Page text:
An examination of the place of fresco in contemporary art practice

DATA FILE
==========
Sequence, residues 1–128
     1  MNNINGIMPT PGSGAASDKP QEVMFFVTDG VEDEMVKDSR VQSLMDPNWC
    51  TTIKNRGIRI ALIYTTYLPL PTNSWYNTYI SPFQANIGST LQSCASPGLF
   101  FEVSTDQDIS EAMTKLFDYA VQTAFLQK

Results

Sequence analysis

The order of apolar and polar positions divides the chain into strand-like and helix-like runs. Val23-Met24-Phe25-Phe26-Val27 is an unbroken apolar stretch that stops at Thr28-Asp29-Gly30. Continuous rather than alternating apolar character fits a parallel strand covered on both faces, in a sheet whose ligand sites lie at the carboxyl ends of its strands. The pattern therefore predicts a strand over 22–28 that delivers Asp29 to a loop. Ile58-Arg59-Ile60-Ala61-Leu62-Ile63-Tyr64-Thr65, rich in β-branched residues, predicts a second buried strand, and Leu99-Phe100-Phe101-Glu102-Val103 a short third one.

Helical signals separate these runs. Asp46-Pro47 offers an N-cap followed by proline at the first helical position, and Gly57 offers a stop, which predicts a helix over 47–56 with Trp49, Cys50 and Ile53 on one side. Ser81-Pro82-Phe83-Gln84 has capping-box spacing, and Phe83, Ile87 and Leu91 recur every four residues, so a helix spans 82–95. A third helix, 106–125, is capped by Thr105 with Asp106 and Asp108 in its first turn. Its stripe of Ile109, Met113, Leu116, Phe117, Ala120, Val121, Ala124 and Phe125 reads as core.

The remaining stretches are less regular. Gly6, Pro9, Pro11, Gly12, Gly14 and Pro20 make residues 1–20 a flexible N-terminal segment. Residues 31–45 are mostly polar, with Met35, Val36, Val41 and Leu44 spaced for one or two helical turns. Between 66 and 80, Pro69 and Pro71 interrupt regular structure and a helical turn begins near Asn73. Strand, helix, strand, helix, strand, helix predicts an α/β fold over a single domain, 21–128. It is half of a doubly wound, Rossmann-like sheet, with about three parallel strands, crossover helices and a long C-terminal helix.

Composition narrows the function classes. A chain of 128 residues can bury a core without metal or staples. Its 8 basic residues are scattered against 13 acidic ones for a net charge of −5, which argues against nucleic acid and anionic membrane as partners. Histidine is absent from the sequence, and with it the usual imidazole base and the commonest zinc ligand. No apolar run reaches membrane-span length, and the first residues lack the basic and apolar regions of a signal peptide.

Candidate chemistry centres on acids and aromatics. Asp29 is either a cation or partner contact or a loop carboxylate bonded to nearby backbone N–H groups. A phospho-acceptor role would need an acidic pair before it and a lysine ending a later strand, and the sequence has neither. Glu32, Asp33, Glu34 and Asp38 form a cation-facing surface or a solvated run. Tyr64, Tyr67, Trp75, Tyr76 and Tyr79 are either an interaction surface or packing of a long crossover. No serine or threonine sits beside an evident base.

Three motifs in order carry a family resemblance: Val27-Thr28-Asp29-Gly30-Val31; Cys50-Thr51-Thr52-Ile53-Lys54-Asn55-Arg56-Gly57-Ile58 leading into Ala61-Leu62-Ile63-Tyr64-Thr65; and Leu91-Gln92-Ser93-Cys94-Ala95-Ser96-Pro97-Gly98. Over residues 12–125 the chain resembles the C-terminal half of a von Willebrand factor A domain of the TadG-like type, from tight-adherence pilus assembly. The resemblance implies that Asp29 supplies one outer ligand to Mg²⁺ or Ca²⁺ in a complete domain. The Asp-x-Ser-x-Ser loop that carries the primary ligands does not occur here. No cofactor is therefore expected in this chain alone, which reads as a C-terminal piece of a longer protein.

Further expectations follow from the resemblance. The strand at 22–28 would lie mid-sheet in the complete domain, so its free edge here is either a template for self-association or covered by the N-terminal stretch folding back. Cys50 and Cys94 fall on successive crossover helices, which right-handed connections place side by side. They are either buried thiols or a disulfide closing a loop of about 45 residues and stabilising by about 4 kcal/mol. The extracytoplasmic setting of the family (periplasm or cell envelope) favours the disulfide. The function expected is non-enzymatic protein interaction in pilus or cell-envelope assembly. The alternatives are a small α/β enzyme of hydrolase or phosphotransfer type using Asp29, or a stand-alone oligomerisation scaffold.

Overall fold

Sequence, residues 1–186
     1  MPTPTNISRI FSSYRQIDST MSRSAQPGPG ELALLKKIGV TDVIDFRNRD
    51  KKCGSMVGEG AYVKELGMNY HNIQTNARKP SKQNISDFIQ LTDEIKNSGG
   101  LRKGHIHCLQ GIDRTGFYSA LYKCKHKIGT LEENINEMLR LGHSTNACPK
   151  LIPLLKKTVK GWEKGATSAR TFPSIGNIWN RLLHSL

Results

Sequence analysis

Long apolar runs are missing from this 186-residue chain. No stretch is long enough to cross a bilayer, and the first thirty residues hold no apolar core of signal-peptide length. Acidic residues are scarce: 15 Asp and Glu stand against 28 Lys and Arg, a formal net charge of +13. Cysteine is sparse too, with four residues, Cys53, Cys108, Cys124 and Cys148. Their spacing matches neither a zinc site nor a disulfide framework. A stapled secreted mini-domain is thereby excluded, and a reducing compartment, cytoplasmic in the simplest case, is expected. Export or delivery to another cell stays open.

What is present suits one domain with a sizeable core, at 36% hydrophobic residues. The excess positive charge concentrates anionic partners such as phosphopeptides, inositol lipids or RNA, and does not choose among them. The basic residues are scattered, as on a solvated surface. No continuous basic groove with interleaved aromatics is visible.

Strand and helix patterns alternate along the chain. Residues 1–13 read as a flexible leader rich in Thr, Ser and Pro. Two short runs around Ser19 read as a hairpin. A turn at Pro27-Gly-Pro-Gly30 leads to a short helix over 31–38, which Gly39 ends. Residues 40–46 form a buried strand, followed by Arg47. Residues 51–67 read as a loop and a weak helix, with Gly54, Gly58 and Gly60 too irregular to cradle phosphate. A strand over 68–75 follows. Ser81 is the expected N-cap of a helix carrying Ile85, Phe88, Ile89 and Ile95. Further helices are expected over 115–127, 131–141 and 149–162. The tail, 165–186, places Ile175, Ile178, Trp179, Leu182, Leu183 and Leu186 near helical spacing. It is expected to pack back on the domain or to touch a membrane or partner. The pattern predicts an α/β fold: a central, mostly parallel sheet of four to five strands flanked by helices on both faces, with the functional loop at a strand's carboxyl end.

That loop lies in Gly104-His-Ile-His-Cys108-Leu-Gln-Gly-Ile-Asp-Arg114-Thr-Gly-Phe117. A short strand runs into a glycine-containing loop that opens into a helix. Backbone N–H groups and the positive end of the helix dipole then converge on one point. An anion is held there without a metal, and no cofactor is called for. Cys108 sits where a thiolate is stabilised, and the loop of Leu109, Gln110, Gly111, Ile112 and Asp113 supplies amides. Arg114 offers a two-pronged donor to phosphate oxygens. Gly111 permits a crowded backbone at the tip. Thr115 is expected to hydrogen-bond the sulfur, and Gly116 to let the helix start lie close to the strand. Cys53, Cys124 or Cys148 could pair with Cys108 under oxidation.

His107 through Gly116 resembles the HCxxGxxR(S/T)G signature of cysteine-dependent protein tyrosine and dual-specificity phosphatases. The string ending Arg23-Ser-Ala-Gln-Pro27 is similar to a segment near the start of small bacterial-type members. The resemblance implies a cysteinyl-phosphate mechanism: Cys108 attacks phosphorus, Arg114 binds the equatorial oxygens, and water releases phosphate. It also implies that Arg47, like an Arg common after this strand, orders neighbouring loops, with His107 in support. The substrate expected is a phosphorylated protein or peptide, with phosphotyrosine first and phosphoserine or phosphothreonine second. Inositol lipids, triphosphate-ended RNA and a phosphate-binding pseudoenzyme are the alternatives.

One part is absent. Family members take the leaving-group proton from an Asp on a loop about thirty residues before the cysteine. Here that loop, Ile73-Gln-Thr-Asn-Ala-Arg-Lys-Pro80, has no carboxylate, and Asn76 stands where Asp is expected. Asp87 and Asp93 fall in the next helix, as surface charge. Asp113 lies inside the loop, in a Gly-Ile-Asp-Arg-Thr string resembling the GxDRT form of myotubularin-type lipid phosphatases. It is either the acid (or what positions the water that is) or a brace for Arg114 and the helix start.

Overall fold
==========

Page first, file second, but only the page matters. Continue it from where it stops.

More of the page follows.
This dissertation is the outcome of a practice-based research inquiry into innovations in processes and materials leading to a contemporary fresco. The research is in three parts: 1) the textual establishment of a historical framework for fresco; 2) an exhibition, Channelling Time, at the Lethaby Gallery, from 22 April to 3 May 2003; and 3) a critical analysis and conclusion that defines the research. The thesis is intended to explore issues in experimental fresco works and to provide a critical account of techniques, uses, and positions of fresco in twentieth-century art. It also aims to propose new aesthetic values in contemporary art. Chapters I-IV reappraise modern fresco by weighing historical precedent and influence from other artistic mediums. Throughout these chapters it is argued that fresco can establish itself as a current in contemporary art by understanding how its contexts and media differ from traditional painterly approaches to contemporary fresco and an organic relationship to architectural space. The research also discusses how contemporary fresco extends its boundaries with three different types of works: 1) site-specific projects; 2) portable frescoes and fresco installations; and 3) fresco sculptures and frescoes in mixed media. Interviews with major fresco artists examine how their work contributes to the creation of contemporary fresco and its new aesthetics. This research was used as a basis for discussing fresco in practice. It is developed in Chapter V, 'An Ongoing Inquiry through Creative Practice' and was presented at the exhibition in the Lethaby Gallery, the catalogue of which is included. The crux of the exhibition and the culmination of my research is an analysis of fresco's autonomy, diversity, and development from a traditional to a contemporary medium. The exhibition Channelling Time set out to establish fresco as a protean genre that expresses a variety of discourses of fresco.